[Mh] MeSH terms secundary: Adolescent
Adult
Age Factors
Aged
Child
Familial Hypophosphatemic Rickets/diagnostic imaging
Familial Hypophosphatemic Rickets/pathology
Female
Humans
Lumbar Vertebrae/diagnostic imaging
Lumbar Vertebrae/pathology
Lumbar Vertebrae/physiopathology
Male
Middle Aged
Radius/diagnostic imaging
Radius/pathology
Radius/physiopathology
Tibia/diagnostic imaging
Tibia/pathology
Tibia/physiopathology
Tomography, X-Ray Computed/methods
Young Adult
[Pt] Publication type:JOURNAL ARTICLE
[Em] Entry month:1710
[Cu] Class update date: 171016
[Lr] Last revision date:171016
[Js] Journal subset:IM
[Da] Date of entry for processing:170215
[St] Status:MEDLINE
[do] DOI:10.1007/s00198-017-3949-8

  8 / 809 MEDLINE  
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[PMID]: 28130634
[Au] Autor:Fuente R; Gil-Peña H; Claramunt-Taberner D; Hernández O; Fernández-Iglesias A; Alonso-Durán L; Rodríguez-Rubio E; Santos F
[Ad] Address:Division of Pediatrics, Department of Medicine. Faculty of Medicine, University of Oviedo, Oviedo, Asturias, Spain.
[Ti] Title:X-linked hypophosphatemia and growth.
[So] Source:Rev Endocr Metab Disord;18(1):107-115, 2017 Mar.
[Is] ISSN:1573-2606
[Cp] Country of publication:Germany
[La] Language:eng
[Ab] Abstract:X-Linked hypophosphatemia (XLH) is the most common form of hereditary rickets caused by loss-of function mutations in the PHEX gene. XLH is characterized by hypophosphatemia secondary to renal phosphate wasting, inappropriately low concentrations of 1,25 dihydroxyvitamin D and high circulating levels of fibroblast growth factor 23 (FGF23). Short stature and rachitic osseous lesions are characteristic phenotypic findings of XLH although the severity of these manifestations is highly variable among patients. The degree of growth impairment is not dependent on the magnitude of hypophosphatemia or the extent of legs´ bowing and height is not normalized by chronic administration of phosphate supplements and 1α hydroxyvitamin D derivatives. Treatment with growth hormone accelerates longitudinal growth rate but there is still controversy regarding the potential risk of increasing bone deformities and body disproportion. Treatments aimed at blocking FGF23 action are promising, but information is lacking on the consequences of counteracting FGF23 during the growing period. This review summarizes current knowledge on phosphorus metabolism in XLH, presents updated information on XLH and growth, including the effects of FGF23 on epiphyseal growth plate of the Hyp mouse, an animal model of the disease, and discusses growth hormone and novel FGF23 related therapies.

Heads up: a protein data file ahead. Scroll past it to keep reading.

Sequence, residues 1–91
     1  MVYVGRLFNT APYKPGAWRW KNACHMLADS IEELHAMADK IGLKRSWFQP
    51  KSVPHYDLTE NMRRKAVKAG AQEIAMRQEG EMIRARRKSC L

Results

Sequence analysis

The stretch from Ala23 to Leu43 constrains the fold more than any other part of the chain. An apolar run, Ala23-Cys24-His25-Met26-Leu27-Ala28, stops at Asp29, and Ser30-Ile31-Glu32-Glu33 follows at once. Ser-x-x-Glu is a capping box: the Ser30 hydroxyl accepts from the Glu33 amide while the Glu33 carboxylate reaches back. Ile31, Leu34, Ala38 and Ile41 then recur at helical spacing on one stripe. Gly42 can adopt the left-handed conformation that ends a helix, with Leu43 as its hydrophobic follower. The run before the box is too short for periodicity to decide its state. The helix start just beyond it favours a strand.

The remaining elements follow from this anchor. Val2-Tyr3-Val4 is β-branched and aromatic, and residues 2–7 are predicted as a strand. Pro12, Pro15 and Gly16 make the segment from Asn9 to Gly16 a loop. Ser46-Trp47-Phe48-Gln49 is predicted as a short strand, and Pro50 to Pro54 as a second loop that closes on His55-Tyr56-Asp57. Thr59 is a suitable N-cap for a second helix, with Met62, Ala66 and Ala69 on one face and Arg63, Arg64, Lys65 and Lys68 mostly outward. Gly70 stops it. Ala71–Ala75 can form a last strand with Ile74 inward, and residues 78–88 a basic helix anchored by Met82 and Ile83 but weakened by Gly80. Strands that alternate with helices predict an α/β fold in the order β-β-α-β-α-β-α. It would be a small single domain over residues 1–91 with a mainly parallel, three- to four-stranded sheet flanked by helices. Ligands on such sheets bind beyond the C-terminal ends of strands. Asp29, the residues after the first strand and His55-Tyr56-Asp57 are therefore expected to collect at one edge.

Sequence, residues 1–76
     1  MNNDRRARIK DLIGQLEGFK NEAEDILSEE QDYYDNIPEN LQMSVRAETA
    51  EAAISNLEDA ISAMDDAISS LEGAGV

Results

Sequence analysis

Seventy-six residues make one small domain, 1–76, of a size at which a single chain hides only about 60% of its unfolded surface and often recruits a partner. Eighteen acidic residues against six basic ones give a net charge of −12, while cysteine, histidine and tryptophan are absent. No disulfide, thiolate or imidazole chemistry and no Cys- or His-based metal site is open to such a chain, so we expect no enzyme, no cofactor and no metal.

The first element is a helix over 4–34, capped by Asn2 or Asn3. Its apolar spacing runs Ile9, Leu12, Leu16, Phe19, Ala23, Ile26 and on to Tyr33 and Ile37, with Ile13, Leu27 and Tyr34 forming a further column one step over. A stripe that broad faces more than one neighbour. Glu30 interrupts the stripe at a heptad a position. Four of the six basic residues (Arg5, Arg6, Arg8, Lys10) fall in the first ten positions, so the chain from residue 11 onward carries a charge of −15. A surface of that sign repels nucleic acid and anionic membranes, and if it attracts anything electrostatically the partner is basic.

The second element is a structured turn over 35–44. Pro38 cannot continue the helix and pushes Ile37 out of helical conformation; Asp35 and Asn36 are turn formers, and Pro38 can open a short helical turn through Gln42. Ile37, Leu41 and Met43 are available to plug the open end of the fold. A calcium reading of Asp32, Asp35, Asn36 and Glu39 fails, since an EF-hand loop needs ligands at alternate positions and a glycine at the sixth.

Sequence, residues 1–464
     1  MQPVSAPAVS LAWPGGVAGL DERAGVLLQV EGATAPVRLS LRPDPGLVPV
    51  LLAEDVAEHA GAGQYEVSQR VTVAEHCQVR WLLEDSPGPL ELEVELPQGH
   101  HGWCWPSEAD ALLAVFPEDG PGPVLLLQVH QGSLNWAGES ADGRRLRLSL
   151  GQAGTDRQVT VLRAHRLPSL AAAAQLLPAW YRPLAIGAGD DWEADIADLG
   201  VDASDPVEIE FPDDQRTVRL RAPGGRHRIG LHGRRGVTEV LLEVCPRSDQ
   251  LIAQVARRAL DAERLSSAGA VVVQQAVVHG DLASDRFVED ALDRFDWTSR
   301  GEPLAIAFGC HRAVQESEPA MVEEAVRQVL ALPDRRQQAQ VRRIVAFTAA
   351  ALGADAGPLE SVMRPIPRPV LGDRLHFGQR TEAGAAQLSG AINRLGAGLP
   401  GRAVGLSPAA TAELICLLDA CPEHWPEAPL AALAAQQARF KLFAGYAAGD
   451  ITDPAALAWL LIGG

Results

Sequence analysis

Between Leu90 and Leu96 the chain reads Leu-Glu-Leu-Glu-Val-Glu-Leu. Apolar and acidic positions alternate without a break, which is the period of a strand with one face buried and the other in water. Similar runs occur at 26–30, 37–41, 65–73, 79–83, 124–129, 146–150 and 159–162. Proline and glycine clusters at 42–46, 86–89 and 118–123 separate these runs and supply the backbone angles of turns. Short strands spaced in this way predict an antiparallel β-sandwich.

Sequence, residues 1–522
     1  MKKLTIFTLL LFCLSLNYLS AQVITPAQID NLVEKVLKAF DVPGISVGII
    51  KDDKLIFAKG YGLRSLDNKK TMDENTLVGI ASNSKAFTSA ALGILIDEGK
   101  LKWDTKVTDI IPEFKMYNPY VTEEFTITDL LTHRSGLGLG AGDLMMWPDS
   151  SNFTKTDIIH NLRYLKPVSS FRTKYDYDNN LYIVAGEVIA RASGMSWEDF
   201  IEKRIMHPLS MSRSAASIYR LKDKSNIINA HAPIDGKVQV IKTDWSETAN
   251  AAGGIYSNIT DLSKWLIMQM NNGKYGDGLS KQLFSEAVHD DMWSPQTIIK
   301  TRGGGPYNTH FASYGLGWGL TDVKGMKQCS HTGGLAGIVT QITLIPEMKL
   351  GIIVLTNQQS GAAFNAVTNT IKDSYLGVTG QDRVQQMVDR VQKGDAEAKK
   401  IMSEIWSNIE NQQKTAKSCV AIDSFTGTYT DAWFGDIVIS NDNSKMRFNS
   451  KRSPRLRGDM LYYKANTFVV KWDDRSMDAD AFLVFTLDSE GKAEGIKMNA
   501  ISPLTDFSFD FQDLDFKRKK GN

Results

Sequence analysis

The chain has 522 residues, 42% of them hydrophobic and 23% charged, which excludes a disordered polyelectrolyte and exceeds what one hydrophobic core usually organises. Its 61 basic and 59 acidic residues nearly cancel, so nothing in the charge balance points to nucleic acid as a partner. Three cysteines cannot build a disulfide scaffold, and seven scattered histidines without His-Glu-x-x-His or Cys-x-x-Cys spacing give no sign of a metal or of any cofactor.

[Mh] MeSH terms primary: Familial Hypophosphatemic Rickets/metabolism
Fibroblast Growth Factors/metabolism
Growth Disorders/metabolism
[Mh] MeSH terms secundary: Animals
Familial Hypophosphatemic Rickets/complications
Growth Disorders/drug therapy
Growth Disorders/etiology
Humans
[Pt] Publication type:JOURNAL ARTICLE; REVIEW
[Nm] Name of substance:0 (fibroblast growth factor 23); 62031-54-3 (Fibroblast Growth Factors)
[Em] Entry month:1705
[Cu] Class update date: 171101
[Lr] Last revision date:171101
[Js] Journal subset:IM
[Da] Date of entry for processing:170129
[St] Status:MEDLINE
[do] DOI:10.1007/s11154-017-9408-1

  9 / 809 MEDLINE  
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[PMID]: 28025445
[Au] Autor:Nakamura Y; Takagi M; Takeda R; Miyai K; Hasegawa Y
[Ad] Address:Division of Genetic Research, Tokyo Metropolitan Children's Medical Center, Tokyo 183-8561, Japan.
[Ti] Title:Hypertension is a characteristic complication of X-linked hypophosphatemia.
[So] Source:Endocr J;64(3):283-289, 2017 Mar 31.
[Is] ISSN:1348-4540
[Cp] Country of publication:Japan
[La] Language:eng
[Ab] Abstract:X-linked hypophosphatemia (XLH) is a group of rare disorders caused by defective proximal tubular reabsorption of phosphate. Mutations in the PHEX gene are responsible for the majority of cases. There are very few reports of long-term complications of XLH other than skeletal and dental diseases. The aim of this study was to identify the phenotypic presentation of XLH during adulthood including complications other than skeletal and dental diseases. The clinical and biochemical phenotype of 22 adult patients with a PHEX gene mutation were examined retrospectively from their medical records. 6 patients had hypertension. The average age of hypertension onset was 29.0 years. Secondary hyperparathyroidism preceded the development of hypertension in 5 patients. 1 patient developed tertiary hyperparathyroidism. 15 patients had nephrocalcinosis. 2 patients had chronic renal dysfunction. Patients with hypertension had a significantly lower eGFR (p=0.010) compared to patients without hypertension. No significant difference was found in any other parameters. To examine the genotype-phenotype correlation, 10 adult males were chosen for analysis. No significant genotype-phenotype correlation analysis was revealed in any of the complications. However, there was a possibility that the age at nephrocalcinosis onset was younger in the non-missense mutation group than in the missense mutation group (p=0.063). This study corroborated the view that early-onset hypertension could be one of the characteristic complications seen in XLH patients. Considering the limited number of our patients, further study is necessary to address a potential cause of hypertension. XLH patients require careful lifelong treatment.